What is that ringing? Do I have tinnitus?

What is that ringing? Do I have tinnitus?

What is Tinnitus?

The Australian Tinnitus Association (NSW) defines tinnitus as “a physical condition, experienced as noises or ringing in the ears or head when no such external physical noise is present. Tinnitus is usually caused by a fault in the hearing system; it is a symptom, not a disease in itself.”

Some people experience a ringing or buzzing in the ears, whilst others experience cricket or cicada sounds, high-pitched whining, electric buzzing, hissing, humming, tinging or whistling sound, ticking, clicking, roaring, tunes, songs, beeping, and sizzling.

Tinnitus can be intermittent or continuous, it can be perceived to be heard in one or both ears, or simply “ïn the head”. For some people, the intensity can be changed by shoulder, head, tongue, jaw, or eye movements, or periods of high stress and anxiety.

What Causes Tinnitus?

Tinnitus can be caused by a number of factors, however in most cases, an individual will usually have or experience some degree of hearing loss associated with tinnitus.

Noise exposure is a big contributing factor. I’m sure we have all experienced ringing in our ears at one point in time from noise exposure whether it be from a loud explosions or gun fire, to chain saws and power tools, to loud rock concerts.

Tinnitus can also be associated with a number of other factors, such as ear infections, wax build up in the ear canal or on the tympanic membrane, hearing loss, Meniere’s Disease, otosclerosis, acoustic neuroma, various medications, some stimulants such as caffeine or alcohol, stress and/or anxiety, and head injuries.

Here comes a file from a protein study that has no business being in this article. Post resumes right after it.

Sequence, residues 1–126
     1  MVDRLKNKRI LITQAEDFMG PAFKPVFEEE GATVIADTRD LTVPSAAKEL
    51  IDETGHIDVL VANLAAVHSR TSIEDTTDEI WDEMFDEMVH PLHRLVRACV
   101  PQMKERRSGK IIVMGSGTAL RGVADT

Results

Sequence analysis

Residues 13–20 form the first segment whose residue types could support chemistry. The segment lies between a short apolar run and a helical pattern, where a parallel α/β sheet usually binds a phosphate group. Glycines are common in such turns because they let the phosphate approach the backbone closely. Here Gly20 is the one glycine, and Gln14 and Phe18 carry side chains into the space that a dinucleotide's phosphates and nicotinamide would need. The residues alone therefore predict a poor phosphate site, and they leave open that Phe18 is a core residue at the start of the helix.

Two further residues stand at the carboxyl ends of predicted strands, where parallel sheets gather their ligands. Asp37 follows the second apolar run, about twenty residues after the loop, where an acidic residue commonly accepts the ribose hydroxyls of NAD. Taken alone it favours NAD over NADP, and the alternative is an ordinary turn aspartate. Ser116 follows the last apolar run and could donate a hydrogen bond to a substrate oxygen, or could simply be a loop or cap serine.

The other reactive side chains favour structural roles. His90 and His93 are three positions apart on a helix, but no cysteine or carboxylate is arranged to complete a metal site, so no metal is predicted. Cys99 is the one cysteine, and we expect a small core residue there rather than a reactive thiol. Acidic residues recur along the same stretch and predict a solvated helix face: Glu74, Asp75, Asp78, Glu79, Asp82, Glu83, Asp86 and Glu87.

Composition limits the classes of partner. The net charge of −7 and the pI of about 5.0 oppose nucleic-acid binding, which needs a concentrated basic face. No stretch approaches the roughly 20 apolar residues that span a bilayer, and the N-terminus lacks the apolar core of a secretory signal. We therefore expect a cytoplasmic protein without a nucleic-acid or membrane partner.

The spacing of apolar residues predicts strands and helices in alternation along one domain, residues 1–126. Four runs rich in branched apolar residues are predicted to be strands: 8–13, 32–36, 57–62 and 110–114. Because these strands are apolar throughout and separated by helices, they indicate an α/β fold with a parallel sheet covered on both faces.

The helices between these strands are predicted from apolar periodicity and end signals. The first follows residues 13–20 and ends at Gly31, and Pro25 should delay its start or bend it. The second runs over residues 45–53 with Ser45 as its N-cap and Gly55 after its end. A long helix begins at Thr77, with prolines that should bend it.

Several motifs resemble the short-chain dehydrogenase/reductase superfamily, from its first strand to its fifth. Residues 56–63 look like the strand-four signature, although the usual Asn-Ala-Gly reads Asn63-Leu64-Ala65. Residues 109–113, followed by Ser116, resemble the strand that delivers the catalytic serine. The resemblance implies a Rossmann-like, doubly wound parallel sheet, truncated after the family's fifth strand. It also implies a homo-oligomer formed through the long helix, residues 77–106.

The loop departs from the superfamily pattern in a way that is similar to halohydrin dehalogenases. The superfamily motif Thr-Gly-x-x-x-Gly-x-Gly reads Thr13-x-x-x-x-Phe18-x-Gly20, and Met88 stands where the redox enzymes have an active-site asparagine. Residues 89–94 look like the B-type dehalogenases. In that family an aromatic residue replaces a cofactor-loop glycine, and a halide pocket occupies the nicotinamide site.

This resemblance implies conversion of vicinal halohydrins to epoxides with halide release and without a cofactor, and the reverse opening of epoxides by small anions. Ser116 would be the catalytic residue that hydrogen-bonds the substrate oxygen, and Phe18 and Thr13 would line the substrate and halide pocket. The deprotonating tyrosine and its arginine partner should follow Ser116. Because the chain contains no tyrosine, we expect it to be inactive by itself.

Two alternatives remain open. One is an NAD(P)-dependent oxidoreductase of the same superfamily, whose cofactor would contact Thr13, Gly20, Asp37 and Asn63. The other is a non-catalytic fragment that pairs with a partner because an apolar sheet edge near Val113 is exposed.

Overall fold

I have tinnitus – What should I do?

You should see your doctor to discuss possible causes. It is also strongly recommended that you have your hearing tested (you generally don’t need a referral to have a hearing test done). Some people may require a referral to an ENT (Ear Nose & Throat) specialist. There may be a treatable medical cause.

How can the impact of my tinnitus be reduced?

Protect your hearing

Wear hearing protection whenever using power tools or noisy gardening equipment, or attending rock concerts etc.


Often people will experience increased intensity of their tinnitus when they are under increased stress. Try deep breathing exercises, relaxation techniques or yoga.

Reduce alcohol and caffeine intake

Consumption of alcohol or caffeine can increase the severity of tinnitus in some individuals.

Hearing Aids

Good quality and properly fitted hearing aids reduce and even eliminate most tinnitus associated with hearing losses. Hearing aids take away the strain of listening and distract from the tinnitus by bringing you more environmental sounds from the outside world. Some hearing aids even have optional tinnitus maskers inbuilt into the device which can be activate when required.

Both Siemens and Phonak hearing aids have inbuilt tinnitus maskers that have the capability to be programmed either within the normal listening program of the hearing aid or as a separate tinnitus program.

Contact Whitsunday Hearing today for a free trial 07 4946 4906

Therapeutic Noise Generator

A device which looks like a hearing aid and recommended for people with no hearing loss. It produces a blend of external sounds which stimulate most fibres of the hearing nerve helping to deviate attention away from the tinnitus.

Tinnitus Retraining Therapy (TRT)

Aims to reduce and ultimately eliminate tinnitus perception. It combines auditory therapy – hearing aids and/or therapeutic noise generators – to provide the brain with maximum environmental sounds to reduce tinnitus perception. Directive counselling helps to change negative beliefs, distract from tinnitus and reduce stress

Cognitive Behaviour Therapy (CBT)

Offered by clinical psychologists CBT is threefold: changing the way a person perceives tinnitus; teaching ways to focus attention away from tinnitus and achieving control over stress.

For more information on tinnitus, visit the Tinnitus Association Victoria


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